Rosie Smith’s rose gold accented helmet matched her perfectly tidy bun of red hair as she took the third spot in the USEA Training Rider Championship at the 2022 USEA American Eventing Championships (AEC) presented by Nurena Feeds. Every little detail came together while aboard her trusted partner of nine years: the 20-year-old Connemara Irish Draught named Seamus (by Corrcullen, RID). But Smith’s first jump, back when she was only 15 years old, wasn’t with an English saddle.
“I was actually at a reining clinic at the Golden Spike event center, which hosts a recognized USEA event, and I was done with the clinic and just out hacking with my friends. We wandered onto the cross-country course and I was like, ‘What are all of these logs and stuff out here?’ and then we thought, oh they’re jumps!” said Smith. “We did some jumps with our little western horses in our western saddles. It wasn’t the prettiest thing but I thought it was so fun, I was hooked.”
Smith actually started riding western at age three and she got her first pony when she was eight. By complete coincidence, Smith’s piano teacher had horses and had stumbled upon an internet ad for a cheap pony. The deal was if Smith’s parents bought her the pony, the piano teacher would let her keep it at her farm. Any horse person would know that those two words (cheap + pony) are a recipe for disaster, but luckily Smith’s parents weren’t horse-people and so they bought the pony for Smith to do 4-H with.
“He was actually a retired junior rodeo bucking horse when I got him, so you can imagine how that was,” said Smith. “I fell off him every time I rode him. He was terrible but he taught me how to ride really well so I’m forever grateful to little Hercules.” A couple more naughty ponies later, Smith said she earned her first “good horse”—a reining horse named Nick who had been to the World Championships in Oklahoma a few times.
She thought, “I have this super awesome reining horse, I should do some reining.” So she did, and they were a stellar team. So stellar in fact that Smith also did some barrel racing with him and now, every winter, she takes him out to do skijoring—a sport in which a person on skis is pulled behind a horse. But whatever happened after that impromptu jump post-reining clinic?
“I took some lessons with Nick and I did one schooling show with him in Intro and he was such a good boy—jumping was not his thing,” said Smith. “He tried so hard for me. I ended up leasing a Warmblood after that.” With the leased mare being a bit on the older side, an injury to the mare forced Smith to explore other options but it wasn’t too long before Smith found herself with two horses. One was Seamus, who actually was a failed adult amateur horse, and the other was the colt of the retired mare.
Smith’s world has slowed down a bit since the AEC at Rebecca Farm, but slowing down for Smith isn’t exactly what we would call a vacation. She is actually studying at Colorado College in Colorado Springs and majoring in Organismal Biology and Ecology. She’s on the pre-med track and has dreams of becoming an emergency room doctor, so she can afford to keep riding of course.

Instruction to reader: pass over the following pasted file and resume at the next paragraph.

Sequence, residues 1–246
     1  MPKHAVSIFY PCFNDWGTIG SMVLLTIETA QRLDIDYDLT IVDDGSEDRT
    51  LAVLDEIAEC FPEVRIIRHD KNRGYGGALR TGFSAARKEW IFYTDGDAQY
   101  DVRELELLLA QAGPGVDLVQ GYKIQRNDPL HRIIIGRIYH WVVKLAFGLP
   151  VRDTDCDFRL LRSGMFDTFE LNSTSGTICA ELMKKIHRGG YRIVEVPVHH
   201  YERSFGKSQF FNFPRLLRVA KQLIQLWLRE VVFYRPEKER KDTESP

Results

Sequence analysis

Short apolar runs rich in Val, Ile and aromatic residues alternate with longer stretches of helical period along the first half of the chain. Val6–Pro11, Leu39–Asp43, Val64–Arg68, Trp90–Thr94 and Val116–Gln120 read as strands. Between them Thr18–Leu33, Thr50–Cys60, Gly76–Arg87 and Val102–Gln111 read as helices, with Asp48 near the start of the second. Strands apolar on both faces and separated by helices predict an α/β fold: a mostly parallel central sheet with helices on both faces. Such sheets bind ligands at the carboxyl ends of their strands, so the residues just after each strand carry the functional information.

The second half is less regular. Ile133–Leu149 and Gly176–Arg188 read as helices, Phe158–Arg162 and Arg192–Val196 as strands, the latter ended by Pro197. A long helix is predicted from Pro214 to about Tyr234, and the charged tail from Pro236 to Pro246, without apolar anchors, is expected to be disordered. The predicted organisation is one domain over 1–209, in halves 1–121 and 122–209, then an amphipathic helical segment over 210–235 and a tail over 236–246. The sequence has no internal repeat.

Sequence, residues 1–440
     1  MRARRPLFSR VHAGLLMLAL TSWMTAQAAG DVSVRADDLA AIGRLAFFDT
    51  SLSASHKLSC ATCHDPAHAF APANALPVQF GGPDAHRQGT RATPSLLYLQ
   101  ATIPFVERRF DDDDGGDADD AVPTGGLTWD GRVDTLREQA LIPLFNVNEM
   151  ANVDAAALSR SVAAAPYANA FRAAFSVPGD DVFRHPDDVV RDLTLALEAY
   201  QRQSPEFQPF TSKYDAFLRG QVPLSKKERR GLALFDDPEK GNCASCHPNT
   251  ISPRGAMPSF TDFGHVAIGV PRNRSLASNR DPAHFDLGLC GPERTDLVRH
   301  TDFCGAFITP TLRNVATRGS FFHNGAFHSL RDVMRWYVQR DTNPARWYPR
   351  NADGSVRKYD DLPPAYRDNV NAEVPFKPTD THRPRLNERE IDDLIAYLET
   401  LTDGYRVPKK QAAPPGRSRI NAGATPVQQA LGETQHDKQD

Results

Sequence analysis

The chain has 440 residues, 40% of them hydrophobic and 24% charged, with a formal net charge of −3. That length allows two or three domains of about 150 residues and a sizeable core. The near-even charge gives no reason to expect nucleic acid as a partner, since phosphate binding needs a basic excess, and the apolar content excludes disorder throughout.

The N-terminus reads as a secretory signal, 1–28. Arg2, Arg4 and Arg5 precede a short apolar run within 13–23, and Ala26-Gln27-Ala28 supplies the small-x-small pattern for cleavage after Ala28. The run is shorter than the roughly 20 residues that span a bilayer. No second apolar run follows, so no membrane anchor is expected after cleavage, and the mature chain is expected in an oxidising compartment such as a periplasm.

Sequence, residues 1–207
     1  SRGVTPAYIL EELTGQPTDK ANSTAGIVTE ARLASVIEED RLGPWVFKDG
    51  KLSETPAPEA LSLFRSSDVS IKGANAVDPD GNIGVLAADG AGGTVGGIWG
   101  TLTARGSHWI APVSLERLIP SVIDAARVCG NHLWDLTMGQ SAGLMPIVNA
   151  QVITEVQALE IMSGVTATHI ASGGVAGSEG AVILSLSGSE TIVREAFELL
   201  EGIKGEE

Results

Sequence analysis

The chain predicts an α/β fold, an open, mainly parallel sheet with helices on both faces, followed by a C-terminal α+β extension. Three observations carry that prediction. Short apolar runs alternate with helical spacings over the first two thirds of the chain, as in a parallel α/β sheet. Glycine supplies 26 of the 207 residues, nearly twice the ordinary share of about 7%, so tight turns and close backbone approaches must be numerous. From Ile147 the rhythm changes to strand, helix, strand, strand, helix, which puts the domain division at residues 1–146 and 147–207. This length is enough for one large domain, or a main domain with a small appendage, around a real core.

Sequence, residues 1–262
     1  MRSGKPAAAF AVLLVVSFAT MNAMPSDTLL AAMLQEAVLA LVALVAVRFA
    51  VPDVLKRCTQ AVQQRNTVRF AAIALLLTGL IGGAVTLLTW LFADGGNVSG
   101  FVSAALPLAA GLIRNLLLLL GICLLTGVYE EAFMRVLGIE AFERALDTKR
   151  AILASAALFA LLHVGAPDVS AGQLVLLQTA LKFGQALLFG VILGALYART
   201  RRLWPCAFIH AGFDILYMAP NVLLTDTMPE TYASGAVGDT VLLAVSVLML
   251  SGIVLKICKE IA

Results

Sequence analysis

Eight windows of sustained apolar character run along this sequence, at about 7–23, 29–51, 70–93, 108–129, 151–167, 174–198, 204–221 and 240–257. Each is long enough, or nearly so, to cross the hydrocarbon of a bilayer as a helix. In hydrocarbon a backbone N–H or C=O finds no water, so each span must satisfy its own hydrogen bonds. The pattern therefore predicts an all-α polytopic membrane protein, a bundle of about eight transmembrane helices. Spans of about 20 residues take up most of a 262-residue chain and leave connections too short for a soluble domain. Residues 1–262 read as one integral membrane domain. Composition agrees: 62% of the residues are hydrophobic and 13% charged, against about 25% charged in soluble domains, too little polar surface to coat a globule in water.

“I love eventing, it’s just my passion,” said Smith. Her 4-year-old colt joins her at college this semester and she has plans to event him separately from her captain position on the IHSA collegiate team. And as for Seamus, Smith is going to see how he feels in the spring after a long season off. She moved him down from Preliminary this year just to have fun with him as he ages and she’s happy to keep doing whatever keeps him happy. “He’s been in the top three in every event I took him to. He’s a superstar, that horse.”
They do say that bad horses make good riders but there’s something to be said about those good riders returning the favor and producing those naughty horses into tried and true companions. Smith spoke about each of her steeds, leased or owned, with a fondness that can only come from a mature horsewoman who genuinely loves the horse first and sport second, embodying the eventing spirit to a T.
Sunshine was Friday's first star at Galway Downs International after Thursday's long afternoon of heavy rain and Tamie Smith ended the day in her same starring role with the first, second, and third spots in the CCI4*-S after show jumping.
Myakka City, Fla. – March 31, 2023 – At the end of the second dressage session in The Estates at TerraNova CCI4*-S, Will Coleman (USA) took the morning lead with a whopping 19.6 with the stunning Chin Tonic (Chin Champ x Wildera/Quinar Z). Coleman and the Hyperion Stud LLC-owned Holsteiner bay gelding won the Carolina International CCI4*-S two weeks ago.
Temecula, Calif.—March 30— "World class." That's what Galway Downs Spring International dressage judges Helen Brettell and Robyn Fisher said in unison of the two rides that put Tamie Smith in the one and two spots in the CCI4*-S after dressage.
Myakka City, Fla.—March 30—In the third year of hosting FEI three-day events and recognized horse trials, TerraNova Equestrian Center welcomes an eventing date to their busy spring competition schedule. Riders from all walks of life, Olympians to young eventers, flocked to TerraNova to experience the previous two fall three-day events. The addition of the spring date gives riders an opportunity to run an FEI event and horse trials before heading home after the winter season.